A shackled protestor wearing an orange boiler suit raises his hands during the 1oth year anniversary of Guantanamo Bay demonstration at Trafalgar Square. Shaker Aamer, Ahmed Belbacha and 171 other prisoners are still held despite the 2008 key campaign issue of the closure of the facility.
On January 11, 2002, the United States brought the first 20 prisoners to the Guantanamo Bay detention facility. Over the past decade, the United States has held a total of 779 prisoners at Guantanamo Bay, most without charge or trial.
Despite promises by President Barack Obama soon after his inauguration to close the facility within a year, 171 prisoners remain.
About 600 of the 779 detainees have been released and eight have died over the course of the past decade. Six of the deaths were suspected suicides. Fifteen children under age 18 have been imprisoned there.
Ongoing US violations of detainee rights are not limited to Guantanamo. Nearly 3,000 people now held by US forces in Afghanistan have not been afforded the basic rights that even captured enemy fighters are due in a civil war, such as having a judge tell them why they are being detained or being allowed access to a lawyer.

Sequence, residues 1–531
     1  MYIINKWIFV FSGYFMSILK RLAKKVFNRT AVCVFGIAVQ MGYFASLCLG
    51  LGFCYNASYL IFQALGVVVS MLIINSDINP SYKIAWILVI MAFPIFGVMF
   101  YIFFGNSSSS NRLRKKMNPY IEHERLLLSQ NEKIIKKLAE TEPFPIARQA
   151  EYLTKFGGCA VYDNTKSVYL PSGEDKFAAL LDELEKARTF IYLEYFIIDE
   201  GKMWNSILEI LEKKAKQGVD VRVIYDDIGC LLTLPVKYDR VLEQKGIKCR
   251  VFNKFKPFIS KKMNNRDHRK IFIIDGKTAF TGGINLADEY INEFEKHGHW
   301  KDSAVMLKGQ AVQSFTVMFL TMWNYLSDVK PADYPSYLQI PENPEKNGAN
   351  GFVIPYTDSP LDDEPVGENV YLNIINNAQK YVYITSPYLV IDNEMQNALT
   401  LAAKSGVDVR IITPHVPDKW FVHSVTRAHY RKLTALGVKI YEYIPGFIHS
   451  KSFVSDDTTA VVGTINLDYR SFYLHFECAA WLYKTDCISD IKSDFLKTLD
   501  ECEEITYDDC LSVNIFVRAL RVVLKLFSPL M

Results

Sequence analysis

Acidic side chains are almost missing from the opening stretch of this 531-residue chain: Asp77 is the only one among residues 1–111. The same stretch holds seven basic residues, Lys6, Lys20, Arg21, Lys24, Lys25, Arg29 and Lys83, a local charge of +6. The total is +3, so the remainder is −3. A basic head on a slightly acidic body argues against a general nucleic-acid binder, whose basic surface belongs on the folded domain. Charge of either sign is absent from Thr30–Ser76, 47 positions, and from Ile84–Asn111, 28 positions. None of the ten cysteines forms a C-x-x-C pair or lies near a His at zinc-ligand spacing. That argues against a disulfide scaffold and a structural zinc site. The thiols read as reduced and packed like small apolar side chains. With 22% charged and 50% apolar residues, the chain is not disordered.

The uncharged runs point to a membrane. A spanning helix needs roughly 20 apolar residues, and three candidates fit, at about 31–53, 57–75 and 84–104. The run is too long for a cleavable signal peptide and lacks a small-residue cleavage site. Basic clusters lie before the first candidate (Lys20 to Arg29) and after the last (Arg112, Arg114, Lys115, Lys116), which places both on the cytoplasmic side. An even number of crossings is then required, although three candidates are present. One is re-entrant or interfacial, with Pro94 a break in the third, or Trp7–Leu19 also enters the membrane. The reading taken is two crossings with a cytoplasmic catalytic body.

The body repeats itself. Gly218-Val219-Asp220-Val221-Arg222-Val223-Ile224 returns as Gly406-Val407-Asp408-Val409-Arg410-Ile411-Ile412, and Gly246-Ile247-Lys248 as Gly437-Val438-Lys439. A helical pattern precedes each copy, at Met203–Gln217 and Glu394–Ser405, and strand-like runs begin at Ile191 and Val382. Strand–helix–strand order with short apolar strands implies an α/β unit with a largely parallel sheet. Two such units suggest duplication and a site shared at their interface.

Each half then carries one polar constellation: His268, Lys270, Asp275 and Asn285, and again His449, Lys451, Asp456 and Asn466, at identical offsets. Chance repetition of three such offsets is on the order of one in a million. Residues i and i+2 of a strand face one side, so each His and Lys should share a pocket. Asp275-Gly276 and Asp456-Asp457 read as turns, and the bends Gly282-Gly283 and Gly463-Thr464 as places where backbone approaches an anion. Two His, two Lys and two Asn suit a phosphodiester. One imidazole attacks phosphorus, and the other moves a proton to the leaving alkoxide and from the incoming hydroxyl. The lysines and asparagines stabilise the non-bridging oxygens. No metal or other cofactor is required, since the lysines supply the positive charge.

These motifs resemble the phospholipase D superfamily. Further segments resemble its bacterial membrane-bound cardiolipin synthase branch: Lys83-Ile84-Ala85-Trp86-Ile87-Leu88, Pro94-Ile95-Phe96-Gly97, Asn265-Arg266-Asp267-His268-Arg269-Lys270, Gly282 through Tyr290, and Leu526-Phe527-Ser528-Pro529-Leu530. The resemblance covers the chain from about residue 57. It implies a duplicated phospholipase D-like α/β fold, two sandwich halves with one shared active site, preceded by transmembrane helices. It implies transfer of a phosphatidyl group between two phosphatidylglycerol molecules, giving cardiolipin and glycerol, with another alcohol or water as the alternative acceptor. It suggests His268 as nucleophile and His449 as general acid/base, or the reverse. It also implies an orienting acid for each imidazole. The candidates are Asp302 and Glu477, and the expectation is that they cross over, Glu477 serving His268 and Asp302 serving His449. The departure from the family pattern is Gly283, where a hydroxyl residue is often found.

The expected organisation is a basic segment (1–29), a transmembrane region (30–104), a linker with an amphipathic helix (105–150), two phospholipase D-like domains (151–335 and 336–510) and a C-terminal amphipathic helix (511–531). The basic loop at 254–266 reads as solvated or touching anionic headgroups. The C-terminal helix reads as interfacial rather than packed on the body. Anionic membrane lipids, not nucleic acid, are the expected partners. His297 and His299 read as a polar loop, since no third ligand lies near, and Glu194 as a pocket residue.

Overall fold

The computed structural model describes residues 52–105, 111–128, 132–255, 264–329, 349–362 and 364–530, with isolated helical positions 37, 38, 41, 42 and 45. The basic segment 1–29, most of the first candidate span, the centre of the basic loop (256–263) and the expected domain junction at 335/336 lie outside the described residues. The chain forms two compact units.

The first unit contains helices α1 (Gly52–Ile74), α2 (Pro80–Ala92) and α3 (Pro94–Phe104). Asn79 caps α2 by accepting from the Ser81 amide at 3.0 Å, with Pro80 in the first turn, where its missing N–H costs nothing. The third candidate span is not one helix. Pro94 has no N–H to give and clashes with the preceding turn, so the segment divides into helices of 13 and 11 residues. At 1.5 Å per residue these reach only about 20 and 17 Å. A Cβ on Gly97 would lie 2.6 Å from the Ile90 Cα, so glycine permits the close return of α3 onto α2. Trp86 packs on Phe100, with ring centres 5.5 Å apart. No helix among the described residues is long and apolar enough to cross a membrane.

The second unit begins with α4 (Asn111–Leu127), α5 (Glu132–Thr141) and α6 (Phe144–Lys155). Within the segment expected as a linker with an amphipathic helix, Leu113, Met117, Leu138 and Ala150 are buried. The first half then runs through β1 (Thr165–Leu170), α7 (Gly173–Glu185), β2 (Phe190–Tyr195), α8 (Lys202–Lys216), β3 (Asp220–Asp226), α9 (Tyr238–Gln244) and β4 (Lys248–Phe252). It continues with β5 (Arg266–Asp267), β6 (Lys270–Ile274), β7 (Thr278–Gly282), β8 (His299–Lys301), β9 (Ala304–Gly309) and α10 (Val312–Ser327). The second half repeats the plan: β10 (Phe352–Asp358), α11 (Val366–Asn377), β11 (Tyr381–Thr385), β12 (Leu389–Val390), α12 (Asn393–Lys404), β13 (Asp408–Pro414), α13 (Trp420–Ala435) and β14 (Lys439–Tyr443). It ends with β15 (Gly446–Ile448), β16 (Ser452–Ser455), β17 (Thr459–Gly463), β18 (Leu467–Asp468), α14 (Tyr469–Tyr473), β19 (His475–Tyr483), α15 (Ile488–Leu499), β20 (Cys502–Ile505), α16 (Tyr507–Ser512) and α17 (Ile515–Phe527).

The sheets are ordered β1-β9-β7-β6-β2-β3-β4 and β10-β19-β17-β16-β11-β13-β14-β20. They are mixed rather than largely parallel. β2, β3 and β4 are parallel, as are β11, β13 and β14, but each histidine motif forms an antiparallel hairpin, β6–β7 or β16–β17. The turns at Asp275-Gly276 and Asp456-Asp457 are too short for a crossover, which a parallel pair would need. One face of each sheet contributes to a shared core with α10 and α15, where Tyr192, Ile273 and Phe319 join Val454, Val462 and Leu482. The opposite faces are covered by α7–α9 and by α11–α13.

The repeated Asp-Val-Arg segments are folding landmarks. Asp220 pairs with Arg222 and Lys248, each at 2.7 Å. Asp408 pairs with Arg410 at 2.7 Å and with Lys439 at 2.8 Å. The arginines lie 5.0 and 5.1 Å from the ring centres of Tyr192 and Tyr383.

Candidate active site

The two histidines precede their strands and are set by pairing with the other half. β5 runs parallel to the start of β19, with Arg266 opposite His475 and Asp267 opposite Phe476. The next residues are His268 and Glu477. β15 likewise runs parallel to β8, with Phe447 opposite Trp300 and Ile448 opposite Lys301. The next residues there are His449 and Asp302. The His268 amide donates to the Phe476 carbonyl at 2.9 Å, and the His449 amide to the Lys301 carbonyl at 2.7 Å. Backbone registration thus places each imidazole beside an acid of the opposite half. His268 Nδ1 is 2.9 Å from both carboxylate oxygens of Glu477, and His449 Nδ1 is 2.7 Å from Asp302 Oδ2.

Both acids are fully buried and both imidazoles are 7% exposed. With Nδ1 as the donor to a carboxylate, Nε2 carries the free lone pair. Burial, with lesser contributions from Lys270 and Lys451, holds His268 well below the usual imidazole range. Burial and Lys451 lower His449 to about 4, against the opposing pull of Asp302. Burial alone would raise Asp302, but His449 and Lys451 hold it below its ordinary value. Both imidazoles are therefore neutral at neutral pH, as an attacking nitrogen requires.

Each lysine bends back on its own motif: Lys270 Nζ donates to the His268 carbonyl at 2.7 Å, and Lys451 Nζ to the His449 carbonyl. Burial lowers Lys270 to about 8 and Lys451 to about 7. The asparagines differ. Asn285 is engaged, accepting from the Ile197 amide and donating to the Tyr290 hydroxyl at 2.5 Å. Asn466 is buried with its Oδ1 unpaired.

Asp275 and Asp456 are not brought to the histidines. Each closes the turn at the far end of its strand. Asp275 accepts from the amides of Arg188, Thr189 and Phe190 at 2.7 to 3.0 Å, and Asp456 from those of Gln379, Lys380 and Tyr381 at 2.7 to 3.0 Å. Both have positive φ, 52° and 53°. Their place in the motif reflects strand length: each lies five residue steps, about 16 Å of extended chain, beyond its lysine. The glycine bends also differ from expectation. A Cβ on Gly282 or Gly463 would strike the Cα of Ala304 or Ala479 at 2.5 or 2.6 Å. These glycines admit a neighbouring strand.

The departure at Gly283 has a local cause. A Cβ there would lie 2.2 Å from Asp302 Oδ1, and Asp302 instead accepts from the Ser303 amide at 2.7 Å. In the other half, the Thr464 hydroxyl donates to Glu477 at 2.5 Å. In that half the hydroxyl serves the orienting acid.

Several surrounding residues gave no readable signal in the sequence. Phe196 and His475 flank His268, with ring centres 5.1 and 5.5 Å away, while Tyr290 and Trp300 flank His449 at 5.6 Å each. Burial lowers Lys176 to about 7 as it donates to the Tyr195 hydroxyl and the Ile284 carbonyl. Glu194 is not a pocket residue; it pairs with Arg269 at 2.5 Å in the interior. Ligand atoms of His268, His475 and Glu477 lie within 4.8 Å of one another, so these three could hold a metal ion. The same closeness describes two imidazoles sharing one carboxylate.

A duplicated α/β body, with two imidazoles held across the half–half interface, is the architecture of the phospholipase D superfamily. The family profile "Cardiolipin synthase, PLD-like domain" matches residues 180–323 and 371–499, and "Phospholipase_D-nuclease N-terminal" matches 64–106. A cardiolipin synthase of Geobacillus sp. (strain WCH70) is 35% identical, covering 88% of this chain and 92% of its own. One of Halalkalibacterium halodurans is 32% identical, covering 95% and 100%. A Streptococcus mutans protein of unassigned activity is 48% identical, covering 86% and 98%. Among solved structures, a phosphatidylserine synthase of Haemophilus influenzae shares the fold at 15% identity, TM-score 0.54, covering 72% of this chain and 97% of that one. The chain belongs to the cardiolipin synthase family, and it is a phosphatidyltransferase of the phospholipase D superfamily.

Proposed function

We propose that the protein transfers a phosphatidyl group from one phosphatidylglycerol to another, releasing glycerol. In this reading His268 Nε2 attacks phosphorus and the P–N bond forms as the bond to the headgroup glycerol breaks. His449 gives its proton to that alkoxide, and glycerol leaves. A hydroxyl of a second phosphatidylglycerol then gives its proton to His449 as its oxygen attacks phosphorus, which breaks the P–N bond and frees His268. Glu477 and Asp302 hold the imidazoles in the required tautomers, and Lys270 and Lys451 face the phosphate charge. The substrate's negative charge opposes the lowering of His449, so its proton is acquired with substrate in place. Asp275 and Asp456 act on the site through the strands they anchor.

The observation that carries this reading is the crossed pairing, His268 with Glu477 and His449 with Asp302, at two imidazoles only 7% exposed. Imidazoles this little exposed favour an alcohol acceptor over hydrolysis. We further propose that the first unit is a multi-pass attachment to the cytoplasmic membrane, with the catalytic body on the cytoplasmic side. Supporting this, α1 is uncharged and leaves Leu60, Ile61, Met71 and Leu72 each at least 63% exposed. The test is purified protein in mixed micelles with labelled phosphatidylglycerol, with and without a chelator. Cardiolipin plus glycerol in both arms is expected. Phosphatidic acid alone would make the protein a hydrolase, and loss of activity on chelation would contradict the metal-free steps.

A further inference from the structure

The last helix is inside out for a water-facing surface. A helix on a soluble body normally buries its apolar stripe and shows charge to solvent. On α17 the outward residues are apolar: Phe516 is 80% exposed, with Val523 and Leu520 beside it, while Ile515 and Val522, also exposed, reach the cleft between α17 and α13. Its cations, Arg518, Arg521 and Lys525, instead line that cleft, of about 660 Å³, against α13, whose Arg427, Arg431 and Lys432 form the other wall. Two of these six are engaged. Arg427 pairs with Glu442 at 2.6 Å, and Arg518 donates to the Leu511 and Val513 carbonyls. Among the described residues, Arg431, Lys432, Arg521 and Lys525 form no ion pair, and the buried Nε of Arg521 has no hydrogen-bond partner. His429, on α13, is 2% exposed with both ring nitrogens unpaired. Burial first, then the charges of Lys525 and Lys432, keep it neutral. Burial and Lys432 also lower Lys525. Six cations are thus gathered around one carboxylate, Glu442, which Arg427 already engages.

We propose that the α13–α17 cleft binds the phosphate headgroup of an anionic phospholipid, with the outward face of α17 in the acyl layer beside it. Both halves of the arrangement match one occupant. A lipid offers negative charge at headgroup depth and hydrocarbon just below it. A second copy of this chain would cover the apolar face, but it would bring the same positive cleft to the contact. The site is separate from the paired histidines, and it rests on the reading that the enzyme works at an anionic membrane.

The Guantanamo Bay detention camp (GTMO) is a United States military prison located within Guantanamo Bay Naval Base in Cuba. Due to the facts that the inmates are detained indefinitely without trial and several inmates were severely tortured this camp is considered as a major breach of human rights by great parts of the world.
The camp was established by the Bush administration in 2002.
Guantanamo, 10 Years On